JOHN AND LOIS AHLHAUSER
John served as The Kalish director for the first eight years of the workshop. Lois oversaw operational details, both putting in countless hours. Through their insight and energy, The Kalish grew to become the premiere picture editing workshop in the country. John and Lois did it all without monetary compensation.
THE ADVISORY COMMITTEE
In 1997, the Ahlhausers felt it was time to turn over the management of the workshop by forming an advisory board. Its function is to develop curriculum that is current, innovative and relevant to the visual storyteller. This group provides direction, oversight and labor to assure the success of the Kalish from year-to-year. They are: Randy Cox, Danny Gawlowski, Kevin Martin, Geri Migielicz, Sue Morrow, John Rumbach, Brian Storm and Scott Sines.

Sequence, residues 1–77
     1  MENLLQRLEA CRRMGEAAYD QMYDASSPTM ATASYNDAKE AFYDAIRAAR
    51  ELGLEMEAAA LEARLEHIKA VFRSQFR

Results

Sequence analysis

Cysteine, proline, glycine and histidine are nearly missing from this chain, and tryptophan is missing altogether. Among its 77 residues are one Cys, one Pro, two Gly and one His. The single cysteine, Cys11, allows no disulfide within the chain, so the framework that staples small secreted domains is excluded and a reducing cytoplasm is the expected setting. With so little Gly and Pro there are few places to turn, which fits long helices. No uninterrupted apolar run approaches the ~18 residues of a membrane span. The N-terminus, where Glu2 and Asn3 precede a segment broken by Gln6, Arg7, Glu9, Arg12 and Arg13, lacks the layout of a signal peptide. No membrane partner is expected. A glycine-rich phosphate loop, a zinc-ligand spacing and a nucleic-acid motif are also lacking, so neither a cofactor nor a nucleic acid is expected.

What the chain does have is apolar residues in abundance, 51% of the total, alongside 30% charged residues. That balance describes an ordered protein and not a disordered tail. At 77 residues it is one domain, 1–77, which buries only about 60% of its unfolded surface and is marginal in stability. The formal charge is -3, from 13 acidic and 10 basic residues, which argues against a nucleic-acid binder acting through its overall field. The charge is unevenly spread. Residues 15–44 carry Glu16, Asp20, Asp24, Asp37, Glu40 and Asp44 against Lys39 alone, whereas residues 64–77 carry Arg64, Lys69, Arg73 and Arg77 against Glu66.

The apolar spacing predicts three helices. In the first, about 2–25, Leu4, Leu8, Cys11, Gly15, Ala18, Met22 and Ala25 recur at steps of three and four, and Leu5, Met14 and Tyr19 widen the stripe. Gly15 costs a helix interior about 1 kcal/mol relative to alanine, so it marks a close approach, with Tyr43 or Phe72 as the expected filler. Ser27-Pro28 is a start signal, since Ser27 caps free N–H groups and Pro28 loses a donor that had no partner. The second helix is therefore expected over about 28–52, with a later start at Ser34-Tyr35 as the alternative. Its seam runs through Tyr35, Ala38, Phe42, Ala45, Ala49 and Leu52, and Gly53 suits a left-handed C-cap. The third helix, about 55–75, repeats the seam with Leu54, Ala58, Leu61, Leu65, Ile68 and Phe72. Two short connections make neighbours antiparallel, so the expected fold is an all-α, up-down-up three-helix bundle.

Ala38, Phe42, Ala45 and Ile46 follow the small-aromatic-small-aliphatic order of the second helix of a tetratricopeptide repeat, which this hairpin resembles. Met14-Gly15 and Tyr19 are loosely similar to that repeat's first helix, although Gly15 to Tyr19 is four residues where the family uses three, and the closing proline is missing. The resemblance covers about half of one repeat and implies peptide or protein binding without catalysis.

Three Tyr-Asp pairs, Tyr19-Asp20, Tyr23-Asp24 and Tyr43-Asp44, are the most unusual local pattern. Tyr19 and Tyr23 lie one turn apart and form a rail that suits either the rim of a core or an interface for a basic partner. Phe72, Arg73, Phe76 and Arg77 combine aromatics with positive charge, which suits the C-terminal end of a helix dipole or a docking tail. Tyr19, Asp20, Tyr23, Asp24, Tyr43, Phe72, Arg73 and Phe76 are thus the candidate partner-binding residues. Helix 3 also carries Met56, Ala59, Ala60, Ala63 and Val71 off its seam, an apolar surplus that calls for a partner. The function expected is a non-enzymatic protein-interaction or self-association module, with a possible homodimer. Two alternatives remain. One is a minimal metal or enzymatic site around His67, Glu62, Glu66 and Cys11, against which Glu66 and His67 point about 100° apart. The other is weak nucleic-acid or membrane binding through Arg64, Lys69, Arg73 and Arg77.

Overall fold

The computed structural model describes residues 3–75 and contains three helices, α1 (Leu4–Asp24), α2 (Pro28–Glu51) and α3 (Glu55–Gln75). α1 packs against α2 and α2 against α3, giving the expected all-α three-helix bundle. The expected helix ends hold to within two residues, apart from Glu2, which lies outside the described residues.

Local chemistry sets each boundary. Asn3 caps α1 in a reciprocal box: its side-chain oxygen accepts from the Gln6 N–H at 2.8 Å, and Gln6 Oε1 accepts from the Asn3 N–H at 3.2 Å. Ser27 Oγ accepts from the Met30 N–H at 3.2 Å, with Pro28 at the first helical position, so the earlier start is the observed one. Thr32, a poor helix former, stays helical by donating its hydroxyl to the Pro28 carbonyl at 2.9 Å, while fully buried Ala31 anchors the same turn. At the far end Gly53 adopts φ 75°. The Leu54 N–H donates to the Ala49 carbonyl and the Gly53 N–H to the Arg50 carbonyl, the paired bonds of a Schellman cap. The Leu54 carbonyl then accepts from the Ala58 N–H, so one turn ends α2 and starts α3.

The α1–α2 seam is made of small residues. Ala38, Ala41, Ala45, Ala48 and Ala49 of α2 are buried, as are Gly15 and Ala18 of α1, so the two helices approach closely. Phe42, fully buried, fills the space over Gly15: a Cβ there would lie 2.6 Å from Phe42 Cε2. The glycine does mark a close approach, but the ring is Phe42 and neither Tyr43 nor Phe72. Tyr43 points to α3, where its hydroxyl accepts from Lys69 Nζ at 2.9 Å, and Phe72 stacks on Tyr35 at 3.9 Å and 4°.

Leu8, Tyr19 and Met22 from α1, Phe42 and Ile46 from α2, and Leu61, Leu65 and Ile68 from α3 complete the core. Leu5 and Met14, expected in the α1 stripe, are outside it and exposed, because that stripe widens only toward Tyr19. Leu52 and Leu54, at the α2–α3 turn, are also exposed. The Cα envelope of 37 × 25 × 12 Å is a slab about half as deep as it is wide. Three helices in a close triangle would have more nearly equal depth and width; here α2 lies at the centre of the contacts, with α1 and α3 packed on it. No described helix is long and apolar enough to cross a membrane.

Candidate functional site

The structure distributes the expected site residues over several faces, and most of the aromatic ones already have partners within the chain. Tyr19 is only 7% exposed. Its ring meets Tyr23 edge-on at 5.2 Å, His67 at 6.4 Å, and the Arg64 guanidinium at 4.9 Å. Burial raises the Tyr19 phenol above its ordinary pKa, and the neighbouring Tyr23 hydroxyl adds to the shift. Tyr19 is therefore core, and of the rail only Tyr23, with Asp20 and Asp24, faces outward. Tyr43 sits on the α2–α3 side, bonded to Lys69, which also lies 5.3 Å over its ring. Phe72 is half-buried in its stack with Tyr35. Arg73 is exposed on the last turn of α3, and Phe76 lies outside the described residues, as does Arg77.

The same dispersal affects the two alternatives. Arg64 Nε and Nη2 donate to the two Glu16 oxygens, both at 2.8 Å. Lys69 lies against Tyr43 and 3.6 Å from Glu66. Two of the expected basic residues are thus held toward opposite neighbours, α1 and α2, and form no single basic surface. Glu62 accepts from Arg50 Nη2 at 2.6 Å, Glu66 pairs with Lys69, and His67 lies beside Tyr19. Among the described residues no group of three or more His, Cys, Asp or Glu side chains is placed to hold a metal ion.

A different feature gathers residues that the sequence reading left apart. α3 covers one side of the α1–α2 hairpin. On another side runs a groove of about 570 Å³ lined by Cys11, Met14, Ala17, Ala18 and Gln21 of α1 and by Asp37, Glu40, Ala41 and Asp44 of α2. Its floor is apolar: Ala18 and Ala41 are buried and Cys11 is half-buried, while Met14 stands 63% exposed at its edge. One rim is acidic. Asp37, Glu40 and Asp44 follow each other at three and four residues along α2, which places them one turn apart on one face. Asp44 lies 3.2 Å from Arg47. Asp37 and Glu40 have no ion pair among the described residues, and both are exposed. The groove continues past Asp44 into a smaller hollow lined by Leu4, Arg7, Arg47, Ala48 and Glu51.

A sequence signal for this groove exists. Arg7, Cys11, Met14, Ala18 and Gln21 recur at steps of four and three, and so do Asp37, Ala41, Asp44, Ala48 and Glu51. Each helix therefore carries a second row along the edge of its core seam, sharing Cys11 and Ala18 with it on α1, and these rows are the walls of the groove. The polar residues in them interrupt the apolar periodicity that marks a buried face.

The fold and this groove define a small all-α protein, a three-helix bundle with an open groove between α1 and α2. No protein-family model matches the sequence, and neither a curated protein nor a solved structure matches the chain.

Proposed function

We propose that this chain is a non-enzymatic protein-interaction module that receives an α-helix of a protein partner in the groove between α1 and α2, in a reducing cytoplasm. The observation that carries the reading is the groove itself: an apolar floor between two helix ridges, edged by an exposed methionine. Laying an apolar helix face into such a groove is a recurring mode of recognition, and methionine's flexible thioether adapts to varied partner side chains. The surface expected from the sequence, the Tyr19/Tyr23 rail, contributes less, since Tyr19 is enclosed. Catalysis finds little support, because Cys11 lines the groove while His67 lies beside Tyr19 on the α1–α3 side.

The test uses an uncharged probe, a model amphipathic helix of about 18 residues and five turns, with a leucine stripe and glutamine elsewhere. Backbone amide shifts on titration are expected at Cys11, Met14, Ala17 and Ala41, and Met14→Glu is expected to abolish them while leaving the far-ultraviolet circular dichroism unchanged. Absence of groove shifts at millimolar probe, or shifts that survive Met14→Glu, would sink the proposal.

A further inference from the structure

All are passionate visual journalists who are widely recognized and serve without compensation. Past directors have been John Rumbach, Mary Jo Moss, J. Bruce Baumann and Scott Sines. Sue Morrow is the current director.
BALL STATE UNIVERSITY
The workshop was held at Marquette University in Milwaukee for 14 years. In 2004, Ball State University journalism chair, Marilyn Weaver, and Tom Price, director of the BSU photojournalism sequence, offered their state-of-the-art facility as the new home for The Kalish. Here, the workshop continues its excellence in visual storytelling, leadership and inspiration.